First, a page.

Tag Archives: scaling

“Which project is best suited to pilot Scrum?” is a question I get regularly asked in my workshops and training courses. While it is always important to carefully consider the specific situation of an organisation, I have found the following six criteria helpful to select the right agile pilot project:

  1. Small: Your pilot project should be small and consist of no more than two to three teams. Large-scale agile development introduces additional challenges and requires further practices. If you must scale, start with one or two teams and slowly add more teams by splitting the existing teams and adding new members.
  2. Important: Make sure that your pilot is relevant to the organisation. Otherwise skeptics might dismiss it as a “pet project” and undermine the buy-in for the new approach. But avoid mission-critical projects – development efforts whose success severely impacts the organisation. Agile software development is a disruptive process innovation for most organisations. It requires the ability to experiment, to make mistakes, and to learn from them.
  3. Independent: Choose a project that has few dependencies on other teams. Having to coordinate with other projects or different groups adds a level of complexity and makes the disciplined application of agile practices difficult – particularly if the other projects follow a different process. If all you have to choose from is a large, complex project then look for a subproject with few dependencies to pilot your agile approach.
  4. Collocated: Start with a collocated agile project and avoid distributed development efforts, as these make effective collaboration more difficult and require additional practices and tools. Jointly writing user stories, pair programming, and having effective sprint review meetings become much more challenging, for instance.
  5. Software only: Limit your agile pilot to software development. This reduces the added complexity that arises when other disciplines such as hardware and mechanics are involved. Agile software development practices are also well understood. That’s true to a much lesser extent for hardware and mechanical engineering.
  6. New product development: Select a new product development project rather than updating an existing product if you want to try out Scrum. This allows you to explore how an idea is best transformed into a shippable product using agile practices. It frees you from worrying about a legacy code base that may be difficult to understand and lack the necessary tests. What’s more, Scrum is particularly well suited to cope with the flux, uncertainty, innovation, and risk that are characteristic of new product development.

Before you now select your pilot project or decide to delay experimenting with agile practices, consider the following advice:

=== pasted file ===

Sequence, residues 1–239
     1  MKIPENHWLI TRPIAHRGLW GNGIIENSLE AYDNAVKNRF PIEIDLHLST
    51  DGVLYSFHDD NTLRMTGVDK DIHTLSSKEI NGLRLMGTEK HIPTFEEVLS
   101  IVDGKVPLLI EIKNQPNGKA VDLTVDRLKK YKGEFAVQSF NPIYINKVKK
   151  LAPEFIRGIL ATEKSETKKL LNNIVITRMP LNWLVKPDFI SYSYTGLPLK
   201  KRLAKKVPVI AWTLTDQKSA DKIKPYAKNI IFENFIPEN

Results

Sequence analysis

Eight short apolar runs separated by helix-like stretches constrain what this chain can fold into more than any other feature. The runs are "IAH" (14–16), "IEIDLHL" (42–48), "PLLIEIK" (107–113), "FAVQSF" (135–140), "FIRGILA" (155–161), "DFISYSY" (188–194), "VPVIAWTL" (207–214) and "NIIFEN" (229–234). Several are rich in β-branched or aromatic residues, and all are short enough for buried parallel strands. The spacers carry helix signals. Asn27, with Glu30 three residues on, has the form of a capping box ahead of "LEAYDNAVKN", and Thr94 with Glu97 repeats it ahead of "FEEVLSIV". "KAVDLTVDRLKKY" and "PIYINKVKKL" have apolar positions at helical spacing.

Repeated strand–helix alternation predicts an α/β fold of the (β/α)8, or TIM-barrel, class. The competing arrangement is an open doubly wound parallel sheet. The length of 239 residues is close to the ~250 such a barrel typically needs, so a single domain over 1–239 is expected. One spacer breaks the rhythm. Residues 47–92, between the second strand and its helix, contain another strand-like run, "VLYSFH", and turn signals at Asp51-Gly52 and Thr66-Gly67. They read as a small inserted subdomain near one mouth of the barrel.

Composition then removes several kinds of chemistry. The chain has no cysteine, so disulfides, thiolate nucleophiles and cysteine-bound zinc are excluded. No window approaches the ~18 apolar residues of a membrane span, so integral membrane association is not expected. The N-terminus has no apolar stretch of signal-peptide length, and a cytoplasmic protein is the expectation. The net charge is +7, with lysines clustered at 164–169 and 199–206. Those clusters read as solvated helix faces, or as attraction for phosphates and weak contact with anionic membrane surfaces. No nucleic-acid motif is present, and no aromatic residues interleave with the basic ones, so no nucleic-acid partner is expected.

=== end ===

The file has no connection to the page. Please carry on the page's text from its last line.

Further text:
1. Know your goal: Understand why you want to try out a certain agile approach and what benefits you expect – even if it’s just to see what all the hype is about.
  2. Just do it: While it is helpful to look for the right pilot, nothing beats applying agile practices – even if you can only use selected techniques within your established process.

“What I hear, I forget.
What I see, I remember.
What I do, I understand.“
~ Confucius ~

The product owner is the person in charge of the product. For products of modest complexity and small projects, it may be feasible to have one individual playing the product owner role. But how do we deal with product ownership on large Scrum projects that develop complex products?

The Chief Product Owner

A large agile project consists of many small teams. Each team needs a product owner, but my experience suggests that one product owner usually cannot look after more than two teams in a sustainable manner. Consequently, when more than two teams are required, several product owners have to collaborate.

This puts us in a dilemma, as it conflicts with the Highlander Principle, which states that there should only be one product owner. The solution is to introduce a chief product owner. A chief product owner is responsible for the overall product, guides the other product owners, and facilitates product decisions.

There are two ways to apply the chief product owner role: working with one potentially large and complex product, or breaking up the product into multiple, independent sub products.

Option 1: One Product

If you develop one cohesive product with lots of functionality, you are likely to end up with a hierarchy of collaborating product owners with a chief product owner at the top, as the following image shows:

In the picture above, the chief product owner is responsible for the overall product whereas the other product owner manage feature sets or individual features.

Option 2: Product Suite

The second option is to break up the product into vertically-aligned, focused sub-products that can be managed by one product owner, as the following image illustrates:

The advantage of the product suite approach is to release the individual products separately and to package them to product variants. A flatter project organisation also means less overhead and faster decision making. The product backlogs are focussed and more concise reducing the grooming effort and increasing transparency.

Summary

If you work with more than one product owner, put one individual in charge of the overall product. As your product grows and becomes more feature rich, consider breaking it up into focused, vertically-aligned products that can be managed by one product owner and developed by no more than three teams. This allows the product owners to control their product, reduces decencies and overhead, and speeds up development.